not find pleasure in a world which seems given up to the caprice of

chance rather than governed according to a wise ordination, and where

merit and fortune are for the most part in opposition. He desires that

the whole world throughout its vast space should be ruled like a house

well regulated; and when this much-desired regularity is not found, he

has no other resource than to defer to a future life, and to another and

better nature, the satisfaction which is his due, but which neither the

present nor the past afford him. On the contrary, he renounces willingly

the pretension of restoring this chaos of phenomena to one single notion;

he regains on another side, and with interest, what he loses on this

side. Just this want of connection, this anarchy, in the phenomena,

making them useless to the understanding, is what makes them valuable to

reason. The more they are disorderly the more they represent the freedom

of nature. In a sense, if you suppress all connection, you have

independence. Thus, under the idea of liberty, reason brings back to

unity of thought that which the understanding could not bring to unity of

notion. It thus shows its superiority over the understanding, as a

faculty subject to the conditions of a sensuous order. When we consider

of what value it is to a rational being to be independent of natural

laws, we see how much man finds in the liberty of sublime objects as a

set-off against the checks of his cognitive faculty. Liberty, with all

its drawbacks, is everywhere vastly more attractive to a noble soul than

good social order without it--than society like a flock of sheep, or a

machine working like a watch. This mechanism makes of man only a

product; liberty makes him the citizen of a better world.

It is only thus viewed that history is sublime to me. The world, as a

historic object, is only the strife of natural forces; with one another

and with man's freedom. History registers more actions referable to

nature than to free will; it is only in a few cases, like Cato and

Phocion, that reason has made its power felt. If we expect a treasury of

knowledge in history how we are deceived! All attempts of philosophy to

reconcile what the moral world demands with what the real world gives is

belied by experience, and nature seems as illogical in history as she is

logical in the organic kingdoms.

But if we give up explanation it is different. Nature, in being

capricious and defying logic, in pulling down great and little, in

crushing the noblest works of man, taking centuries to form--nature, by

deviating from intellectual laws, proves that you cannot explain nature

by nature's laws themselves, and this sight drives the mind to the world

of ideas, to the absolute.

But though nature as a sensuous activity drives us to the ideal, it

throws us still more into the world of ideas by the terrible. Our

highest aspiration is to be in good relations with physical nature,

without violating morality. But it is not always convenient to serve two

masters; and though duty and the appetites should never be at strife,

physical necessity is peremptory, and nothing can save men from evil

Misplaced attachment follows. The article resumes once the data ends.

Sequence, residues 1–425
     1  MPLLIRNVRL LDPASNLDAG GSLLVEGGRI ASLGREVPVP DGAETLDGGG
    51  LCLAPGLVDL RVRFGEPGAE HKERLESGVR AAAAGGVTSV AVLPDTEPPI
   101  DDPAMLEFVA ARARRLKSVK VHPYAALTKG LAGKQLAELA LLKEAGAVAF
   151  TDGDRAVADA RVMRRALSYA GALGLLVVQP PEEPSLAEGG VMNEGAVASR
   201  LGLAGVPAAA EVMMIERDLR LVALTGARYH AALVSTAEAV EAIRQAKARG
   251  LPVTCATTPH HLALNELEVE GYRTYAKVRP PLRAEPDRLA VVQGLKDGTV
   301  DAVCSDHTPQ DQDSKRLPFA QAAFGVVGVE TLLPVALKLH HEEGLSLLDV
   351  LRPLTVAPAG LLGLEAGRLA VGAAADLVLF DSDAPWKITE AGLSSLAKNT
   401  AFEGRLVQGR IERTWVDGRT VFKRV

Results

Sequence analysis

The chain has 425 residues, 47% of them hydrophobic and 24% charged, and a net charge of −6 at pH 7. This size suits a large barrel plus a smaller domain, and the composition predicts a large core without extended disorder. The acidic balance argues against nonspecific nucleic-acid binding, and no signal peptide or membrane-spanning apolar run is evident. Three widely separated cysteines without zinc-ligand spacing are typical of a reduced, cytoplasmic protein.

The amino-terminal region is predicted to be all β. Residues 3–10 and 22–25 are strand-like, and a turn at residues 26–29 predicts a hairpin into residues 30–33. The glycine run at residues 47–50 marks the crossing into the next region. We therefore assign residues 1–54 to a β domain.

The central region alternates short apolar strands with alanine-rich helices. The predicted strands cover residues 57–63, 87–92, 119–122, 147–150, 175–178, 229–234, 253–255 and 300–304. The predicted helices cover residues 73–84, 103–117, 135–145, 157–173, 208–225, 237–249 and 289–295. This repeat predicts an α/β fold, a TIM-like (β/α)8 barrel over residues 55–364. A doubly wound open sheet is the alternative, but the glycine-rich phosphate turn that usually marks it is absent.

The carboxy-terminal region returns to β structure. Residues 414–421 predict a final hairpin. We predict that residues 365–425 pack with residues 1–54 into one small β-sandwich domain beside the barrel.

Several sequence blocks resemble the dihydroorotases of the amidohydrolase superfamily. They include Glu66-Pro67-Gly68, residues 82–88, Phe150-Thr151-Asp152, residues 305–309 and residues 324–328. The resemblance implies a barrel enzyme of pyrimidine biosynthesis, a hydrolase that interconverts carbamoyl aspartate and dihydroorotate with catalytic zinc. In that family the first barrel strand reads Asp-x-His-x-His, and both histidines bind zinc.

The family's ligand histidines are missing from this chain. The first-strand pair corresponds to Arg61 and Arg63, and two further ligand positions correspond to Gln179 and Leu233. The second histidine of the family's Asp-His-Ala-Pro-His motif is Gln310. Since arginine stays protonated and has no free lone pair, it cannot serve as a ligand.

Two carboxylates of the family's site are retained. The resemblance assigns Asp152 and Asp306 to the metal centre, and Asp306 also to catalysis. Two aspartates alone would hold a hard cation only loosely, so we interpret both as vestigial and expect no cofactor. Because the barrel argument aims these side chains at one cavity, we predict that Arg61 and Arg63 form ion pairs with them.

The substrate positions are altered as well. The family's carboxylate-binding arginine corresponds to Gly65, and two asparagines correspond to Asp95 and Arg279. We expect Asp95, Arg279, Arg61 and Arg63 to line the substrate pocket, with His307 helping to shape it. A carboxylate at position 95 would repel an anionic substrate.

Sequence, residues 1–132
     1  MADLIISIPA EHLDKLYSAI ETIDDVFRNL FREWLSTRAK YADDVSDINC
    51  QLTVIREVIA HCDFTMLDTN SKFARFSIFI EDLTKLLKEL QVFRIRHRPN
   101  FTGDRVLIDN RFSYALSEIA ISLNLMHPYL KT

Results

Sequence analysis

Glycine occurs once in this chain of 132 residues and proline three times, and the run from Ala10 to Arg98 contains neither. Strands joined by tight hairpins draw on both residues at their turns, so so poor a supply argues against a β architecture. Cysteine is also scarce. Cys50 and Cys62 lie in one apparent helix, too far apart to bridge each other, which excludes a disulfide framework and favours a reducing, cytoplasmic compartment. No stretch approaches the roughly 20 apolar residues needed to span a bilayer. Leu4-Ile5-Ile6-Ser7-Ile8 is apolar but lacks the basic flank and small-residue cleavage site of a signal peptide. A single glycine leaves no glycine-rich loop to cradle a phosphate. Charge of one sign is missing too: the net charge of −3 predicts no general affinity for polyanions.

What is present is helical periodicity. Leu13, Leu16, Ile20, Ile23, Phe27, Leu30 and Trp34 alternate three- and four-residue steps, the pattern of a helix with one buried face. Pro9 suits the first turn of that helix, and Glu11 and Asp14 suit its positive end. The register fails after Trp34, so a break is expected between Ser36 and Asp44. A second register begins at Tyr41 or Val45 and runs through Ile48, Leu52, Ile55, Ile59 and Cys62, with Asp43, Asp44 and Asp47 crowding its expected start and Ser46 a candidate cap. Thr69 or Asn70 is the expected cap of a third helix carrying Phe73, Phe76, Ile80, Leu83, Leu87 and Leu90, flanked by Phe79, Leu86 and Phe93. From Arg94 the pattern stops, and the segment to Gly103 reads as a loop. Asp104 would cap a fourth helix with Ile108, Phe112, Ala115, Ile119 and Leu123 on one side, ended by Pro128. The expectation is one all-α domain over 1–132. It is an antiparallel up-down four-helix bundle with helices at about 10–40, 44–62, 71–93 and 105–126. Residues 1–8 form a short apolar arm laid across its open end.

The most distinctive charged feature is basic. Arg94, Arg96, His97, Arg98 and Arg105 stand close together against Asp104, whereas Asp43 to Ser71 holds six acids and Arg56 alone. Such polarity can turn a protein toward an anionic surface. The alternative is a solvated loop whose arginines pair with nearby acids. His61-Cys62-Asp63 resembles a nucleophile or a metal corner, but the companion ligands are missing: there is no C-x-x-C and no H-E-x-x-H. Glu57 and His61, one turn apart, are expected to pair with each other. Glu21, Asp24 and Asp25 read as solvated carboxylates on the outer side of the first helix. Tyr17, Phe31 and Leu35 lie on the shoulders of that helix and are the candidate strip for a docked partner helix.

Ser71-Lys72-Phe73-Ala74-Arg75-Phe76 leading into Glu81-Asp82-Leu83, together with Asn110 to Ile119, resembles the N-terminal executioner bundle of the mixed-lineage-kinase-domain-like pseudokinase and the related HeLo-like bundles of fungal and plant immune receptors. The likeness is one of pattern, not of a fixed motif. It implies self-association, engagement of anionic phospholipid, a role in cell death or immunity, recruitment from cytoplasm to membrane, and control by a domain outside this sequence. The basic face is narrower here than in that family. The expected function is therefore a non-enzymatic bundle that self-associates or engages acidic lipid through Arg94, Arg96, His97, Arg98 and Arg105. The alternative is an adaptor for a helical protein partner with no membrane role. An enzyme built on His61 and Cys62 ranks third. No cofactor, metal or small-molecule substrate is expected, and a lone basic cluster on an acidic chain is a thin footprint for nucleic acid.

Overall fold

destiny. Happy is he who learns to bear what he cannot change! There

are cases where fate overpowers all ramparts, and where the only

resistance is, like a pure spirit, to throw freely off all interest of

sense, and strip yourself of your body. Now this force comes from

sublime emotions, and a frequent commerce with destructive nature.

Pathos is a sort of artificial misfortune, and brings us to the spiritual

law that commands our soul. Real misfortune does not always choose its

time opportunely, while pathos finds us armed at all points. By

frequently renewing this exercise of its own activity the mind controls

the sensuous, so that when real misfortune comes, it can treat it as an

artificial suffering, and make it a sublime emotion. Thus pathos takes

away some of the malignity of destiny, and wards off its blows.

Away then with that false theory which supposes falsely a harmony binding

well being and well doing. Let evil destiny show its face. Our safety

is not in blindness, but in facing our dangers. What can do so better

than familiarity with the splendid and terrible evolution of events, or

than pictures showing man in conflict with chance; evil triumphant,

security deceived--pictures shown us throughout history, and placed

before us by tragedy? Whoever passes in review the terrible fate of

Mithridates, of Syracuse, and Carthage, cannot help keeping his appetite

in check, at least for a time, and, seeing the vanity of things, strive

after that which is permanent. The capacity of the sublime is one of the

noblest aptitudes of man. Beauty is useful, but does not go beyond man.

The sublime applies to the pure spirit. The sublime must be joined to

the beautiful to complete the aesthetic education, and to enlarge man's

heart beyond the sensuous world.

Without the beautiful there would be an eternal strife between our

natural and rational destiny. If we only thought of our vocation as

spirits we should be strangers to this sphere of life. Without the

sublime, beauty would make us forget our dignity. Enervated--wedded to

this transient state, we should lose sight of our true country. We are

only perfect citizens of nature when the sublime is wedded to the

beautiful.

Many things in nature offer man the beautiful and sublime. But here

again he is better served at second-hand. He prefers to have them

ready-made in art rather than seek them painfully in nature. This

instinct for imitation in art has the advantage of being able to make

those points essential that nature has made secondary. While nature

suffers violence in the organic world, or exercises violence, working

with power upon man, though she can only be aesthetical as an object of

pure contemplation, art, plastic art, is fully free, because it throws

off all accidental restrictions and leaves the mind free, because it

imitates the appearance, not the reality of objects. As all sublimity

and beauty consists in the appearance, and not in the value of the object,

it follows that art has all the advantages of nature without her shackles.